Oliver Sokana

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During a survey of yaws prevalence in the Solomon Islands, we collected samples from skin ulcers of 41 children. Using PCR, we identified Haemophilus ducreyi infection in 13 (32%) children. PCR-positive and PCR-negative ulcers were phenotypically indistinguishable. Emergence of H. ducreyi as a cause of nongenital ulcers may affect the World Health(More)
Yaws is a non-venereal treponemal infection caused by Treponema pallidum ssp. pertenue. The WHO has launched a worldwide control programme, which aims to eradicate yaws by 2020. The development of a rapid diagnostic test (RDT) for serological diagnosis in the isolated communities affected by yaws is a key requirement for the successful implementation of the(More)
BACKGROUND Community mass treatment with 30 mg/kg azithromycin is central to the new WHO strategy for eradicating yaws. Both yaws and trachoma--which is earmarked for elimination by 2020 using a strategy that includes mass treatment with 20 mg/kg azithromycin--are endemic in the Pacific, raising the possibility of an integrated approach to disease control.(More)
BACKGROUND Trachoma is endemic in several Pacific Island states. Recent surveys across the Solomon Islands indicated that whilst trachomatous inflammation-follicular (TF) was present at levels warranting intervention, the prevalence of trachomatous trichiasis (TT) was low. We set out to determine the relationship between chlamydial infection and trachoma in(More)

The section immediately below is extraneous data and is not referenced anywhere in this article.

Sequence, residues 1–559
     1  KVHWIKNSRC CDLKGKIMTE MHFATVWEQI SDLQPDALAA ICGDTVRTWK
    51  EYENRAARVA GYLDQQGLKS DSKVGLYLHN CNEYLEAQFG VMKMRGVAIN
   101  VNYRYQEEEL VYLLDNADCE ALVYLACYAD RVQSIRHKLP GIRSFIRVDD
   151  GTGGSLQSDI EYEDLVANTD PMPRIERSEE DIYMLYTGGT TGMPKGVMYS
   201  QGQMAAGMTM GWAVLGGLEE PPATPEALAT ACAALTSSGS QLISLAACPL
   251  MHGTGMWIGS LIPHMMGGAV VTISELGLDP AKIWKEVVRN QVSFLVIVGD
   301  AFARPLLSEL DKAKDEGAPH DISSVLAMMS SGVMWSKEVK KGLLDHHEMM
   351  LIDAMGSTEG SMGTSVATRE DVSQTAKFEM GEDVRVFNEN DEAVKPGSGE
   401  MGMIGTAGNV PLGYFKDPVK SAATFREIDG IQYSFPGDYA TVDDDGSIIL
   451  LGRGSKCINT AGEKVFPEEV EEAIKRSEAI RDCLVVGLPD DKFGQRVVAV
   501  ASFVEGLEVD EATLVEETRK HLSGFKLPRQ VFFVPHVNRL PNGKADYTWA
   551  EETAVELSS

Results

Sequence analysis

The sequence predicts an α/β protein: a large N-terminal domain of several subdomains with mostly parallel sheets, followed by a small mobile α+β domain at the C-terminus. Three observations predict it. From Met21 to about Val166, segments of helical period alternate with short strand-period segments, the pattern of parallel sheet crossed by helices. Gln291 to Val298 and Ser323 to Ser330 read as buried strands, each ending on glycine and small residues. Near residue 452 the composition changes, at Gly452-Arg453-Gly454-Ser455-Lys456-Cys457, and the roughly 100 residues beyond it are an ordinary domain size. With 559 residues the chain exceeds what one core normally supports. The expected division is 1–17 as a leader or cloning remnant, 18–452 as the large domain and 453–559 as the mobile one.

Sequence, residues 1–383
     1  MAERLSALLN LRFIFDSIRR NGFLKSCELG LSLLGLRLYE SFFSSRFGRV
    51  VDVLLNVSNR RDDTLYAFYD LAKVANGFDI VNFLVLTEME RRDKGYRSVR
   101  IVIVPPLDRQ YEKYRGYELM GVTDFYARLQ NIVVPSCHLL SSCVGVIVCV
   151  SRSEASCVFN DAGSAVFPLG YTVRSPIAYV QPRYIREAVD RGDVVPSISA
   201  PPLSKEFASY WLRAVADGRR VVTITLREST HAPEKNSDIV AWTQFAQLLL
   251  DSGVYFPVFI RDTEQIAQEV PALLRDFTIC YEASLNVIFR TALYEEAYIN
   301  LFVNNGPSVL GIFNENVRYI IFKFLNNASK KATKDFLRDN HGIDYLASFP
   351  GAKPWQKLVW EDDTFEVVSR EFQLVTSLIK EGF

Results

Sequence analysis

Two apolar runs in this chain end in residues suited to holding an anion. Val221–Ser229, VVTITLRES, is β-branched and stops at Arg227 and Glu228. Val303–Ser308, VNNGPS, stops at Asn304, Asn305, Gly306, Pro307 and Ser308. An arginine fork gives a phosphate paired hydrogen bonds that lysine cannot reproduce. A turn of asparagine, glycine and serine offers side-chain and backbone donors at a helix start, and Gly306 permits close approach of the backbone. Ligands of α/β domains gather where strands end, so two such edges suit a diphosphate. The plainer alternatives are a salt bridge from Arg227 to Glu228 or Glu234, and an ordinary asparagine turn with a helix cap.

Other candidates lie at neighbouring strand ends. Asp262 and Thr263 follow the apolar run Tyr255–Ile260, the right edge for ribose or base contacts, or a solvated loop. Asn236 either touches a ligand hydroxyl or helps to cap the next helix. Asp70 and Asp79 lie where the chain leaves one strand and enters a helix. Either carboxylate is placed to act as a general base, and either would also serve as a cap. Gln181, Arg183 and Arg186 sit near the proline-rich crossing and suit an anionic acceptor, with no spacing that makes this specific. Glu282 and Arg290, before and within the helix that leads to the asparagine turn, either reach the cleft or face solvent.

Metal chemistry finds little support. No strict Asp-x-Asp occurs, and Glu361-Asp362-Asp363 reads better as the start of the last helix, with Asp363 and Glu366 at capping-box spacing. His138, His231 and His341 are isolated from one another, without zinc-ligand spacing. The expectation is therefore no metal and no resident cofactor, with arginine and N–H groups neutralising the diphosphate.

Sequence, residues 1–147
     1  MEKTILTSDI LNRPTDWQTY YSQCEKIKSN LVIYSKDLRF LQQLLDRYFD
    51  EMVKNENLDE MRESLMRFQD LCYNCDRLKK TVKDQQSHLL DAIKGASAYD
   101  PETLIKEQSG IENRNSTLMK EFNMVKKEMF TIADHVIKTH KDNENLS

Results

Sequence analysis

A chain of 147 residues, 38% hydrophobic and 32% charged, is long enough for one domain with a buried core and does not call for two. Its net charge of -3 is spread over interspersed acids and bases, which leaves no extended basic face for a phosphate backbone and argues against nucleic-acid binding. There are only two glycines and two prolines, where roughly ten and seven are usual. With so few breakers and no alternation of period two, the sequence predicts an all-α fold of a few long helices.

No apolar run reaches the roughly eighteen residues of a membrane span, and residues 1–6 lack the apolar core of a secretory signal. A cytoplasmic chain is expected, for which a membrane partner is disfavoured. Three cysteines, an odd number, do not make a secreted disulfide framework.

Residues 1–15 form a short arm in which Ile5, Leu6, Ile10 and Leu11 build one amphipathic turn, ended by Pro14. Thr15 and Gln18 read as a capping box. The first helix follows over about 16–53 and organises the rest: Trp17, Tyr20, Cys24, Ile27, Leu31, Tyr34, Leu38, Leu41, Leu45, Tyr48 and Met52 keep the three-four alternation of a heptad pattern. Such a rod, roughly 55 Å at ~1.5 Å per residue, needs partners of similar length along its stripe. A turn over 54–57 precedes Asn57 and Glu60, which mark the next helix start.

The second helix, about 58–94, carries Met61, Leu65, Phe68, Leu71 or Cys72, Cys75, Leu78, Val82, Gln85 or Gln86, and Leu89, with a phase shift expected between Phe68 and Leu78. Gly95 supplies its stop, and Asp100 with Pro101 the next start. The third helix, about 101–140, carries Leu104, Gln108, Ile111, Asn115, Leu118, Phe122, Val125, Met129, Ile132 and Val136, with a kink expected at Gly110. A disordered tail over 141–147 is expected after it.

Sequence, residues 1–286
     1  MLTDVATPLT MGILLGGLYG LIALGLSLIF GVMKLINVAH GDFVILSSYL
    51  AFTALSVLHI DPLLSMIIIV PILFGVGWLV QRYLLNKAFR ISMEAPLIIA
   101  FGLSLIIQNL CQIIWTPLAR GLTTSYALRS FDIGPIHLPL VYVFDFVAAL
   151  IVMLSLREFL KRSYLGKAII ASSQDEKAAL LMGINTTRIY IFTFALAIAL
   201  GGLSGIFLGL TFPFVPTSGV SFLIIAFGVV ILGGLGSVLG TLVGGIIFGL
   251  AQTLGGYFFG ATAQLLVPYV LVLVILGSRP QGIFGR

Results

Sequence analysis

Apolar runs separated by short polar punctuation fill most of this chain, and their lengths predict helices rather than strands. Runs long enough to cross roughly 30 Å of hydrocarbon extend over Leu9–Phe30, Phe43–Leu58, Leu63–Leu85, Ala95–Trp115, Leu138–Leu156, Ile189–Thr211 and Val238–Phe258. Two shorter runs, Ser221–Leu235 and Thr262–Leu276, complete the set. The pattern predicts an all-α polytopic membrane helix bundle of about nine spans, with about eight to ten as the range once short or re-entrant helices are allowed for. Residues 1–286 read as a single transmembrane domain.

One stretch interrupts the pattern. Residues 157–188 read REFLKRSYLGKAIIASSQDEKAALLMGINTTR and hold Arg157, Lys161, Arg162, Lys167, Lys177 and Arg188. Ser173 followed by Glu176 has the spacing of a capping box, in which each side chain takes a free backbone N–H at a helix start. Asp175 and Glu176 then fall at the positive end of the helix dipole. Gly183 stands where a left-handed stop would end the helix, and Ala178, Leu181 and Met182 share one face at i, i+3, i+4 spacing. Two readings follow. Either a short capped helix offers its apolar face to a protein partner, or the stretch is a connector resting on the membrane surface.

Yaws, a non-venereal treponemal disease, is targeted for eradication by 2020 but accurate epidemiological data to guide control programs remain sparse. The Solomon Islands reports the second highest number of cases of yaws worldwide. We conducted a cluster randomized survey of yaws in two provinces of the Solomon Islands. One thousand four hundred and(More)
OBJECTIVES This study sought to determine the prevalence of common bacterial sexually transmitted infections, including Chlamydia trachomatis and Neisseria gonorrhoeae, in women attending clinics in the Solomon Islands. METHODS We conducted a sexual health survey among women attending three nurse-led community outpatient clinics in August 2014, to(More)
OBJECTIVES Chlamydia trachomatis is the most common bacterial sexually transmitted infection and is frequently asymptomatic; ocular C. trachomatis strains cause trachoma. Mass drug administration (MDA) of azithromycin for trachoma might also reduce the prevalence of genital C. trachomatis. In a survey conducted in the Solomon Islands in 2014, prior to MDA,(More)
PURPOSE We sought to complete the baseline trachoma map of the Solomon Islands by establishing prevalences of active trachoma and trichiasis in the provinces of Choiseul, Western, Rennell-Bellona, and Temotu. METHODS Using the standardized methodology developed for the Global Trachoma Mapping Project, we conducted cross-sectional community-based surveys(More)